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January 06, 2012

The Best Mashed Potatoes | Potato Ricer

I've always struggled with mashed potatoes.  Not eating them.  Making them.  Not being able to master the perfectly smooth and creamy mashed potatoes, I went with the lazy man's 'smashed potato'... a world without peeling, where lumps are welcome, expected and encouraged.  They're good.  They do the job - but they often need jazzing up - garlic, sour cream, rosemary, etc. to detract from the fact that they are basically a busted up potato and lack any desirable texture.

"Real" mashed potatoes, with their smooth, creamy and light-as-air texture need nothing.  No sour cream, no cheese, no herbs.  Simple.  If it has been a while since you have had "real" mashed potatoes, you may not even know what I'm talking about.  You might be thinking, "but the cheese, garlic and sour cream are what make mashed potatoes so good."  Silly girl.  Real mashed potatoes are right up there with heirloom tomatoes and small summer strawberries.  Natural. Real. Simple.  Nothing but a splash of milk, dab of butter, salt and pepper.

How do you achieve this unattainable mashed potato dream?  Enter, Potato Ricer.  For years I've heard the Barefoot Contessa talk about using her potato ricer.  I thought, "Do I really need a specialized piece of equipment to mash a potato?!"  (Remember, you're talking to someone that rolled out 100 sugar cookies a week with a bottle of wine and that used a teacup for measuring...)  When he saw me mashing potatoes with a can, Mike said, Yes.  Yes, you do need a specialized piece of equipment to mash a potato.  Then the most amazing thing happened... a potato ricer appeared in my stocking from Santa.

We've had mashed potatoes 3 times in the past 9 days.

Now run out and get this mashed potato ricer.  It is on sale for $16 at Williams-Sonoma... Mike paid full price ($32) for mine.  Ugh.  Still worth every penny.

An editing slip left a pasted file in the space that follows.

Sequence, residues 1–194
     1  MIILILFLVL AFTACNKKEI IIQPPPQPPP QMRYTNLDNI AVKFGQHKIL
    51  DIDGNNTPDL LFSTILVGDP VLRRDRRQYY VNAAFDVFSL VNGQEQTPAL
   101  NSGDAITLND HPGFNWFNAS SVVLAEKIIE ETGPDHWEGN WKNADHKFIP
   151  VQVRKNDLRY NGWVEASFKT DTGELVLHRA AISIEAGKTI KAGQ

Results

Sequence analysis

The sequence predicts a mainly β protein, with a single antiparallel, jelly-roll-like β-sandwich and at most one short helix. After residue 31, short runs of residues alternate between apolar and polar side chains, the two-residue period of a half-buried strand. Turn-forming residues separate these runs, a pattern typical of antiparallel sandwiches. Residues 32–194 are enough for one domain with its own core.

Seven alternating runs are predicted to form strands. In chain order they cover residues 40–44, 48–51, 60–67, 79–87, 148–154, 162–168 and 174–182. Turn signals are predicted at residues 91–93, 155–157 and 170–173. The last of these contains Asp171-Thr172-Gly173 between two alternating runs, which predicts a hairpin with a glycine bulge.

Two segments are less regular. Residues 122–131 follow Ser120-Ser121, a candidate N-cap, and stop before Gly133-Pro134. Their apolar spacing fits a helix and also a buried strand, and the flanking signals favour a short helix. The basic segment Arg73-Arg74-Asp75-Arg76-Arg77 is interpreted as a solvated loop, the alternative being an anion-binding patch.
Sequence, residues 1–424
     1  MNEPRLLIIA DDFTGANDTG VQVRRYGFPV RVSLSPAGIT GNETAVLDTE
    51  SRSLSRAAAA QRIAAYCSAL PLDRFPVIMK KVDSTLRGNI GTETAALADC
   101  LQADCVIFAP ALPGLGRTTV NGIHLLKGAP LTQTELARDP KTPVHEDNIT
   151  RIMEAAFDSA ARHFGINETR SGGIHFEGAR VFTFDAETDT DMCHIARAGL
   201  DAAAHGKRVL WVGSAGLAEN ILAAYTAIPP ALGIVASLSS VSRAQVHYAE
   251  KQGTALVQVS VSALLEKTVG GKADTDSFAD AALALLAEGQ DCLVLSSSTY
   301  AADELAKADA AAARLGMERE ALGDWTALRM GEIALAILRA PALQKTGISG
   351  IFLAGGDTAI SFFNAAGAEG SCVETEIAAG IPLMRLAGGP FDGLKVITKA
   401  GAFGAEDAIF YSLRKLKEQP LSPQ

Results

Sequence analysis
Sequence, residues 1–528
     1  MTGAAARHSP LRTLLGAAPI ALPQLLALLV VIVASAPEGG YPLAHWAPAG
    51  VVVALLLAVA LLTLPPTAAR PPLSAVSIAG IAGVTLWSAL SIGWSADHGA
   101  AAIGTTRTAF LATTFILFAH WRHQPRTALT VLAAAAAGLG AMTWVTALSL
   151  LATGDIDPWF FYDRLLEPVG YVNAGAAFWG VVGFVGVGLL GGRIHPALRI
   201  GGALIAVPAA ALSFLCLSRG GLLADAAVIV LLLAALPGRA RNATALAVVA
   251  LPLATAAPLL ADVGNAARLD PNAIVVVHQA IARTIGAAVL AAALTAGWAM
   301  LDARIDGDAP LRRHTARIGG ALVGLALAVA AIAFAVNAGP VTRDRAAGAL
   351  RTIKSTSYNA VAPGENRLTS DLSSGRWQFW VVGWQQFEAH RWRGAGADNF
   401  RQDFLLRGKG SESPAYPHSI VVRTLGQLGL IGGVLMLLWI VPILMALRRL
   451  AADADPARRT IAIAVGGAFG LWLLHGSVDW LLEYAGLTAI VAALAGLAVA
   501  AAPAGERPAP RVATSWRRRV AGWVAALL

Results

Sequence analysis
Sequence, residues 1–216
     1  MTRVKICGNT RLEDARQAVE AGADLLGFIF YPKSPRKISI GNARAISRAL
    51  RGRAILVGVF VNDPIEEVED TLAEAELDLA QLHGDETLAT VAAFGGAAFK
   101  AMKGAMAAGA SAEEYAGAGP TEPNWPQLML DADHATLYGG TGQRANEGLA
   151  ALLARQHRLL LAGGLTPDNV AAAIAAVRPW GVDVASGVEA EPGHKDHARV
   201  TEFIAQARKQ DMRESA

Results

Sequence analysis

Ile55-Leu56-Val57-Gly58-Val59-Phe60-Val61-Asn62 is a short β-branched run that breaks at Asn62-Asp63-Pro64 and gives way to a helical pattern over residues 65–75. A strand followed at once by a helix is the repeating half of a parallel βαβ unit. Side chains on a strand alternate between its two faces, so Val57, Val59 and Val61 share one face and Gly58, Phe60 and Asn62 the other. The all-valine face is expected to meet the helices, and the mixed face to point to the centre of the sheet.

The Best Mashed Potatoes
creamy, light... real mashed potatoes

2 pounds of Yukon Gold potatoes
1/4 cup of milk
2 tablespoons of butter
sea salt & cracked pepper

Peel the potatoes and cut them into 1-inch pieces.  Place them pot filled with water, seasoned with salt.  Bring the water to a boil and cook until the potatoes are fork tender - about 7-10 minutes.  Drain the potatoes from the water.  Using the potato ricer, mash potatoes back into the sauce pan.  Return the potatoes to the stove.  On low heat, stir in milk, butter, salt and pepper.  Do not leave the potatoes on the stove for longer than 5 minutes, or they will burn.  To reheat, microwave them in a glass bowl. 

Mashed Potatoes go great with :

Pan-Seared Lemon Garlic Chicken
Pancetta Sugar Snap Peas (coming soon!)


  1. Okay, maybe I do need a potato ricer. ;) I use a potato masher but they definitely have lumps. I always use evaporated milk from a can too because I never have whole milk and I found that skim just doesn't cut it. I love kitchen gadgets anyway. :)

  2. my secret is to warm my milk and butter in a saucepan before I add them to the potatoes. my boys are slightly insane over mashed potatoes, both children and husband alike. ha! enjoy your weekend!! tessa

  3. Is a food mill the same thing? Our works wonders but am curious if it is the same. Your blog is beautiful! Just found you from Let the Tide Pull Your Dreams Ashore.

  4. Anonymous11:25 AM

    A potato ricer also comes in handy for squeezing liquid out of thawed frozen spinach. Works beautifully for dishes such as Ina's Spinach Gratin.


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